Lawrence Berkeley National Laboratory (LBNL) recently released a report detailing possible impacts on solar project financing in light of possible reductions to the Investment Tax Credit (ITC). The report finds that a reduction in the ITC will l
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SEIA and a panel of experts discuss the fundamentals of solar financing. Our webinar focuses on tax and finance structures such as inverted leases, sale leasebacks, and partnerships. When you attend the SEIA Finance and Tax Seminar in April you’ll dive deeper with in-person experts.
The National Renewable Energy Laboratory recently released a report discussing the opportunities and challenges inherent in utilizing Real Estate Investment Trusts (REITs) and Master Limited Partnerships (MLPs) as investment vehicles for the solar industry. The authors also discuss proposed rule changes that could enable renewable energy REITs and MLPs and possible investor reaction to those changes.
This paper is intended to highlight best practices, as well as common pitfalls in valuing solar energy projects including the tangible and intangible assets comprising a fully contracted in-place system (a “solar asset”).
On May 17, 2013, SEIA submitted comments to the Office of the Comptroller of the Currency (OCC).
A recent NREL report finds that the use of public capital (asset-backed securities, investment pools and real estate investment trusts) can lower the levelized cost of energy (LCOE) by up to $0.16 for residential projects and $0.08 for utility projects. As consumer confidence in securitization grows, prices could fall by as much as 30%.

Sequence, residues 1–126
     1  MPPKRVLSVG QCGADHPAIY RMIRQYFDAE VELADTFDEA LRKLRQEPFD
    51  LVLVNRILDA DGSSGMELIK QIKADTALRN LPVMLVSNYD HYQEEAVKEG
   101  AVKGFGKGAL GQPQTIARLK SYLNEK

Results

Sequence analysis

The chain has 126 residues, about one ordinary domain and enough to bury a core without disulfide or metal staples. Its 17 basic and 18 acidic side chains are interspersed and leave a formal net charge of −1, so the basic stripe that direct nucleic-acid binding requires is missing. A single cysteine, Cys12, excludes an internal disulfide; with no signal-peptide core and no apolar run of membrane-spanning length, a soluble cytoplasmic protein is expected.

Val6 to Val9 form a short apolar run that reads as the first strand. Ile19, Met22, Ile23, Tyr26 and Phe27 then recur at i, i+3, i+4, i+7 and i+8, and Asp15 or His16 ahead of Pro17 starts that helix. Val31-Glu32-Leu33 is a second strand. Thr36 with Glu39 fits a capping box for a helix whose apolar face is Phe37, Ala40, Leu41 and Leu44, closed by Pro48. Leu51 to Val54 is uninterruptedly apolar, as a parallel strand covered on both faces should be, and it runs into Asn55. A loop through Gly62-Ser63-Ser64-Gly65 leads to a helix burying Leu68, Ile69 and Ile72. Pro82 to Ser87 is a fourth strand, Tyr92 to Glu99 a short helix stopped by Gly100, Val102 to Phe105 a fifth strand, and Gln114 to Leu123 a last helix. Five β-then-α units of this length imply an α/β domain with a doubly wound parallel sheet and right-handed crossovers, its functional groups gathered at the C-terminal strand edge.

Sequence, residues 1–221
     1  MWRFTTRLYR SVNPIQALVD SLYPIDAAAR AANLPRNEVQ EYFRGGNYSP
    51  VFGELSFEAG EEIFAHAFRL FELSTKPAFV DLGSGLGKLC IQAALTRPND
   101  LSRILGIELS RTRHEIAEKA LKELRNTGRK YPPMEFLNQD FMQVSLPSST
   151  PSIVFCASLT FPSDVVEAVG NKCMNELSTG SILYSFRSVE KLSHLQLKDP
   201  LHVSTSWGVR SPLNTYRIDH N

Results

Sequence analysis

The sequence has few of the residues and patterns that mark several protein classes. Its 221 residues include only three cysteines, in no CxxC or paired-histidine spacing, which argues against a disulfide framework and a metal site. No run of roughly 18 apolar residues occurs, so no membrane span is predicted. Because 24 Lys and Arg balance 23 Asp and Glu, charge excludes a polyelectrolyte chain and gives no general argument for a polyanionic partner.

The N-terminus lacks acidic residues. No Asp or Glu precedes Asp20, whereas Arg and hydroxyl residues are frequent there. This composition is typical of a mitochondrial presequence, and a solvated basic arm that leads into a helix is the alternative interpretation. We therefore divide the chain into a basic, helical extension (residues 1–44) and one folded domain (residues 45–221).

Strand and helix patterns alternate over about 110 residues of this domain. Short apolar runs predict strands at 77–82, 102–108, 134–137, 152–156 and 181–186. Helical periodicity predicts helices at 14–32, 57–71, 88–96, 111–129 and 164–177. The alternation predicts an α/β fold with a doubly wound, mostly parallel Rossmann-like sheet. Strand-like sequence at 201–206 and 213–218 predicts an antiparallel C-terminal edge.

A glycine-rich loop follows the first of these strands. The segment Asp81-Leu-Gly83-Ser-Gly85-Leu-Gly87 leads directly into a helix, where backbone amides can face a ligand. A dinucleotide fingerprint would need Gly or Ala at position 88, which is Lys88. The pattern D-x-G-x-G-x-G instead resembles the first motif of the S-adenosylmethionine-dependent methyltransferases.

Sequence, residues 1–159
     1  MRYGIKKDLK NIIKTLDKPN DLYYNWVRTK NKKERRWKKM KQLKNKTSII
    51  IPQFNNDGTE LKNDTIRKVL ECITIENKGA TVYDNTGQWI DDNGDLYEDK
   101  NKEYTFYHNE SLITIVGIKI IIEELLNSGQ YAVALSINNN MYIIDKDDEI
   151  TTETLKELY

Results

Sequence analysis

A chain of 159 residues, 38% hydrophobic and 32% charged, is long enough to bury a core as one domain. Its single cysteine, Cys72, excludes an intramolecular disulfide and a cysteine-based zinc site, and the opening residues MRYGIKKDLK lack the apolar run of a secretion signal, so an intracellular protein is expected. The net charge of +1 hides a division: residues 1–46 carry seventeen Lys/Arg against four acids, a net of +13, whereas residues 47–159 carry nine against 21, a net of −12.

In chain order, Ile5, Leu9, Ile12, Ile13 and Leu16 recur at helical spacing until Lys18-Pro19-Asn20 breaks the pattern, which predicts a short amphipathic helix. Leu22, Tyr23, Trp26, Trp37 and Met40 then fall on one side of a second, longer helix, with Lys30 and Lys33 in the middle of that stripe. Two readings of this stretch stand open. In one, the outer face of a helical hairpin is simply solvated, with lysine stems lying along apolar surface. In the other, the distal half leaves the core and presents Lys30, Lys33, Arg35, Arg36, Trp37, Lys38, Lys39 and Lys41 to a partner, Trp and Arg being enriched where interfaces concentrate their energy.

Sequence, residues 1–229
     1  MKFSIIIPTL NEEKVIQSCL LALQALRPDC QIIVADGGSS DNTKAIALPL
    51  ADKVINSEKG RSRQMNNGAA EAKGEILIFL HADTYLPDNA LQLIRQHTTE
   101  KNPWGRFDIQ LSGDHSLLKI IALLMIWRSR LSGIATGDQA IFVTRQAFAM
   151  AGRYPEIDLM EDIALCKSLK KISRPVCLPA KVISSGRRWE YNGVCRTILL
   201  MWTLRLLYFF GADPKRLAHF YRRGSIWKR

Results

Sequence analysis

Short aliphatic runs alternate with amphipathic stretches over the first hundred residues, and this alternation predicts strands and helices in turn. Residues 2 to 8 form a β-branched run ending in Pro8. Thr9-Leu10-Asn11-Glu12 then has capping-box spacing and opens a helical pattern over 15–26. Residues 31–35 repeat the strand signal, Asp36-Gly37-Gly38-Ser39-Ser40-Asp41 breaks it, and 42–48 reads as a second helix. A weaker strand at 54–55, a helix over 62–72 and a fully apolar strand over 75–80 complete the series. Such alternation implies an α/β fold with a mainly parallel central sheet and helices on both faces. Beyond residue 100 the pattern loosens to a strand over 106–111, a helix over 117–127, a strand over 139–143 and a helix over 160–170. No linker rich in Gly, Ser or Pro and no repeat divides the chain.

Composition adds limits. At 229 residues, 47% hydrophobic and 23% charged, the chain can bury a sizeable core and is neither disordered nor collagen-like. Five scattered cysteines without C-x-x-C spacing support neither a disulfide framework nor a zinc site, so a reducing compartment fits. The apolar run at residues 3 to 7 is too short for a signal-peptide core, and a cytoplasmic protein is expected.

On April 15, 2013, SEIA submitted comments to the House Ways and Means Committee's Energy Tax Reform Working Group.
Learn about the newly launched Connecticut Property Assessed Clean Energy (C-PACE) program in Connecticut, and how the program will lead to more solar deployment in Connecticut while saving costs for consumers, protecting the environment, and cre
An independent research report by the Howard H. Baker Jr. Center for Public Policy at the University of Tennessee, Knoxville, found that solar energy is following the same path to commercialization as other traditional energy sources spurred by federal incentives. The study, titled "Assessment of Incentives and Employment Impacts of Solar Industry Deployment," also estimates that the U.S. solar industry could employ hundreds of thousands of Americans by the end of the decade.